UK Supreme Court Finalises Brexit: Impact on Sterling

Posted on Posted in All Recent, Markets, Trending Markets

Published: Wed 25th January 2017

Author: Victor Thiry

Read Time: 2 minutes

UK Supreme Court Finalises Brexit: Impact on Sterling

On the 23rd of June, Britain had voted to exit from the European Union (EU), and Sterling consequently faced its biggest drop since 2008. The worries are far from over, as on the 24th of January, the Supreme Court had ruled that the Parliament must trigger Article 50. However, this may contradict with some of the existing UK laws. In a nutshell, the UK is one step closer to Brexit. This recent "breaking" news made the Pound drop even further.  

 

What is Article 50?

As no country has left the EU, measures must be taken to clear out this road of uncertainty – there is no previous example to follow – everything that occurs will potentially set a precedent for the future.

Article 50 states that if a country wishes to withdraw its position from the EU, it has to notify its fellow members and follow
a five-point plan. The five-point plan explains that if a state wishes to leave the EU, it has to enter a negotiation with other members to finalise the terms of a country leaving. 

 

Why did the Pound Drop?

Everyone knew that Brexit was going to happen, and it is of course happening as we speak, with negotiation between the EU and Theresa May expected to commence by the end of March. So, the question is, why did the Supreme Court ruling result in the Pound dropping in value?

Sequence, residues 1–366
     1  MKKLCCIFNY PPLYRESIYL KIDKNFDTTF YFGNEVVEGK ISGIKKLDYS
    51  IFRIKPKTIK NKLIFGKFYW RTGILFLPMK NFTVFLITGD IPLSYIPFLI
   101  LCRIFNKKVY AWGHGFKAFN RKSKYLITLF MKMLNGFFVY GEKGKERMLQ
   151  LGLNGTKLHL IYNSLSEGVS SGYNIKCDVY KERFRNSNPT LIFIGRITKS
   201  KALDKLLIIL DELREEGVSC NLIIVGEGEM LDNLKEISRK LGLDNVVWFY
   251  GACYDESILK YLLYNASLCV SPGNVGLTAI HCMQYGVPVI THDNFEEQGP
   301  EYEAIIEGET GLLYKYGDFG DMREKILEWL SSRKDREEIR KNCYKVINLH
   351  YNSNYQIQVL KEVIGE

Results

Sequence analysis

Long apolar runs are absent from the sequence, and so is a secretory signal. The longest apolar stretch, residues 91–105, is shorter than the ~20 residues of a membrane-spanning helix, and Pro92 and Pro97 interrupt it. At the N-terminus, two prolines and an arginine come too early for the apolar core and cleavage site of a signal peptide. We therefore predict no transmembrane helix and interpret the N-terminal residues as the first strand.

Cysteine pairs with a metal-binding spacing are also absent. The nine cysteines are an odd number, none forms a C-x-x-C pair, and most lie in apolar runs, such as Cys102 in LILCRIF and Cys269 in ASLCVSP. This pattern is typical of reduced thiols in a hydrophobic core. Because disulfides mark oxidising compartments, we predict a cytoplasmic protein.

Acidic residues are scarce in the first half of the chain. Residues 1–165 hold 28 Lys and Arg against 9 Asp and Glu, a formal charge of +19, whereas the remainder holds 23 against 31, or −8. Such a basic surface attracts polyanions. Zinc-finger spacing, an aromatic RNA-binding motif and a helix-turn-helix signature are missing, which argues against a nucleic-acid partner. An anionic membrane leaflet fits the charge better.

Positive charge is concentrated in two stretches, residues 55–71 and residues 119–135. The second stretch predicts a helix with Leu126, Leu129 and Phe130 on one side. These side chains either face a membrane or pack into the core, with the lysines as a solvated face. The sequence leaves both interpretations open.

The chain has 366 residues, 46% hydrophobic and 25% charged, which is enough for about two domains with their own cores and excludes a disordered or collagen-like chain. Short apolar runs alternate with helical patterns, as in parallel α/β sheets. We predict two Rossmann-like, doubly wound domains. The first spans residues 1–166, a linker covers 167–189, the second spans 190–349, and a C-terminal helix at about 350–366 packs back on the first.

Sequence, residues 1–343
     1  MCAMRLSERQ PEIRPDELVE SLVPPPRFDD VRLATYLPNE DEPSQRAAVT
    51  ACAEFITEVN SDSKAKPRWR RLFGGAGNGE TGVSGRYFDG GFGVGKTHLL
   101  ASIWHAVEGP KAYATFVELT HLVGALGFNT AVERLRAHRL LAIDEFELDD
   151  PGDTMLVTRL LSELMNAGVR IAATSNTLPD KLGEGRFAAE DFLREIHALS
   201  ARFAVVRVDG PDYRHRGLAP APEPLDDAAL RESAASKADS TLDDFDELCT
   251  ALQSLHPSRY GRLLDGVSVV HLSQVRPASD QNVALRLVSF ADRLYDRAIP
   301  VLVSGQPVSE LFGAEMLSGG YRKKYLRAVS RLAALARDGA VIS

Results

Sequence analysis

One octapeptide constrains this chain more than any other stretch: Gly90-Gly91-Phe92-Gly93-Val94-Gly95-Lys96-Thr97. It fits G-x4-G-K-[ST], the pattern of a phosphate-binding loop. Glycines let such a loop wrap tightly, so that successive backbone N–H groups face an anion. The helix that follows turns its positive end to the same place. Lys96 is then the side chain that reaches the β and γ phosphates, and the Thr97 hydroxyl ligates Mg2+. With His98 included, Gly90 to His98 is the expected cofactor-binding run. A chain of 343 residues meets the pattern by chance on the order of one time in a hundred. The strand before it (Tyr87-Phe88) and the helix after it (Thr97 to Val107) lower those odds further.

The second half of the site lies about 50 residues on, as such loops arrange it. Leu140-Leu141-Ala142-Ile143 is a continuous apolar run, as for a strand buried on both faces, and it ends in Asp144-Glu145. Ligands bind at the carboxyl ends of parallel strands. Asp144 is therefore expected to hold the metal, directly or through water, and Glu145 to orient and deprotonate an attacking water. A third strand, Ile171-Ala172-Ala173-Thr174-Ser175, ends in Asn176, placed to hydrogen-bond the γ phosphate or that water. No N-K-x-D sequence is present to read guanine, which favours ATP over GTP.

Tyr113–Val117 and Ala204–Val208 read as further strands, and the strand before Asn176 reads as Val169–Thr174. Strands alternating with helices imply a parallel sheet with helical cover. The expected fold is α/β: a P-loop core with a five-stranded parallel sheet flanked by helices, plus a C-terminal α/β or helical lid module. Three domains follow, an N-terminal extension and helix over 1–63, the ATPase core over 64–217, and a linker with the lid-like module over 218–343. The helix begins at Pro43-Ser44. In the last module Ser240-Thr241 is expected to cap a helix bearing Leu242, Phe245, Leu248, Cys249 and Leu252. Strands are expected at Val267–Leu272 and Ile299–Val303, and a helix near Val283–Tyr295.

Quite simply, Brexit is taking baby steps, but is still going ahead. Since July 2016, the Pound has been in decline. This ruling was on the front page of many newspapers and was treated as an alarm to investors, that Brexit is in fact going to happen – hence the fall of the Pound on Tuesday.

London is also known as the financial capital of Europe. This coupled with Brexit occurring, and also other potential protectionist measures, the Pound will have no ‘backbone’ to repose on. 

The Supreme Court ruling shows that we are one step closer to Britain breaking up with the EU – with a potential finish line set for June 2019.

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